#NewsBytesExplainer: What causes earthquakes, the science behind it
Earthquakes are among the most devasting natural disasters. The recent one in Turkey and Syria has killed over 8,700 so far. According to the National Earthquake Information Center in the U.S., about 20,000 earthquakes around the globe are recorded each year, or approximately 55 per day. But what causes earthquakes and how are they monitored? Let's understand the science behind these termors.
What is an earthquake?
An earthquake can happen anywhere on the planet. It occurs when two blocks of Earth suddenly slip past each other. The surface where the slip happens is called the fault or fault plane. The region below the planet's surface where the earthquake originates is called the hypocenter while the location directly above it on the surface of the Earth is the epicenter.
The largest, main earthquake is called the mainshock
Sometimes an earthquake has foreshocks-smaller earthquakes that happen in the same place which are then followed by a larger earthquake. But foreshocks cannot be distinguished until a larger earthquake happens. The largest, main earthquake is called the mainshock and is always followed by aftershocks. Depending on the mainshock, aftershocks can continue for weeks, months, and even years after the mainshock.
Understanding the different layers of Earth
Among Earth's four main layers—the inner core, outer core, mantle, and crust—the crust and the top of the mantle make up a "thin skin" on the surface of our planet. This "thin skin" is not one large block. Instead, it is made up of many pieces like a puzzle. These puzzle pieces are called tectonic plates and their edges are called plate boundaries.
Most earthquakes occur along the faults at tectonic plate boundaries
The tectonic plates slowly move around, sliding past one another and colliding with each other. The plate boundaries have faults (inclined fracture) and this is where most earthquakes occur. Since plate edges are rough, they get stuck while the rest of the plate keeps moving. When the plate has moved far enough, the edges unstick on one of the faults, causing an earthquake.
Energy stored between stuck blocks leads to an earthquake
Since the edges of faults are caught together, and the rest of the block is moving, the energy that would usually cause the blocks to slide past each other, gets stored up. When the moving blocks exert enough force to overcome the friction of the hooked edges of the fault, the stuck edges come apart, subsequently releasing all the stored-up energy.
What causes the Earth to shake during an earthquake?
The energy is expelled from the fault in the form of seismic waves, similar to ripples on a pond. These waves shake the planet as they traverse through it, and when the waves reach the surface, they shake the ground and anything on it.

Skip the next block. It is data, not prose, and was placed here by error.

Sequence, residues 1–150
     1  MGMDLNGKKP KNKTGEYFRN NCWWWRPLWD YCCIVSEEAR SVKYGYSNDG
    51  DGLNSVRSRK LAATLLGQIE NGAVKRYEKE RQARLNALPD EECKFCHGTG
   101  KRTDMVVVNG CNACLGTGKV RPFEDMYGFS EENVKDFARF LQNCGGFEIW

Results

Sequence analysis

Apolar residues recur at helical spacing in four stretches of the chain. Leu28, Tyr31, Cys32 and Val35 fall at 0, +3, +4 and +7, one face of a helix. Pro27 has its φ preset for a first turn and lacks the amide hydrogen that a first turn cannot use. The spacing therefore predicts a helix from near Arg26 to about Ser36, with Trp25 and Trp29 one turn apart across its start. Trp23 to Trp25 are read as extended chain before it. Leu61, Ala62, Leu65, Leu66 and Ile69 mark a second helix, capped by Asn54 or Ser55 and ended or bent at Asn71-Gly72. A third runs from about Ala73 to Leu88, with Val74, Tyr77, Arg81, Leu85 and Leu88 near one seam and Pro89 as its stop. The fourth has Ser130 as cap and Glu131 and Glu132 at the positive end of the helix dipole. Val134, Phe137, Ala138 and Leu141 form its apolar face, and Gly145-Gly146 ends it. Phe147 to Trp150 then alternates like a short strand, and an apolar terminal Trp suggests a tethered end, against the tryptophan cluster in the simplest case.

Earthquakes are recorded by instruments called seismographs
Earthquakes are recorded by seismographs. This instrument has a base firmly set in the ground and a suspended weight. When an earthquake rattles the ground, the seismograph's base shakes too, but the hanging weight does not. Instead, the spring that supports the weight absorbs the movement. What's recorded is the difference in position between the shaking part of the seismograph and the motionless part.
The recordings made using seismographs are called seismograms
The recordings made using seismographs are called seismograms which in turn determine how large the earthquake was. A short "wiggly" line on a seismograph indicates a small earthquake while a long wiggly line means a large earthquake. The length of the wiggle depends on the size of the fault, and the size of the wiggle depends on the amount of slip.
Seismographs can help locate earthquakes
P and S waves in seismographs can help locate earthquakes wherein the former travels faster. If you are close to the earthquake, the P and S waves will come one after the other, but if you are further away, there will be more time between the two. By calculating the time difference between P and S waves, scientists can tell the location of earthquake.
It takes three seismographs to locate an earthquake's epicenter
To determine exactly where an earthquake occurred, a method called triangulation is used involving three seismographs. On a map, draw a circle around three different seismographs in a way that the radius of each is the distance from that seismograph to the earthquake. Now, the location where all the circles intersect is the location of the epicenter of the earthquake.
Can we predict earthquakes?
The answer is no and it is unlikely that we will ever be able to predict them. Considering any fault plane, scientists know there will be an earthquake in the future, but there is no way of telling when it will happen.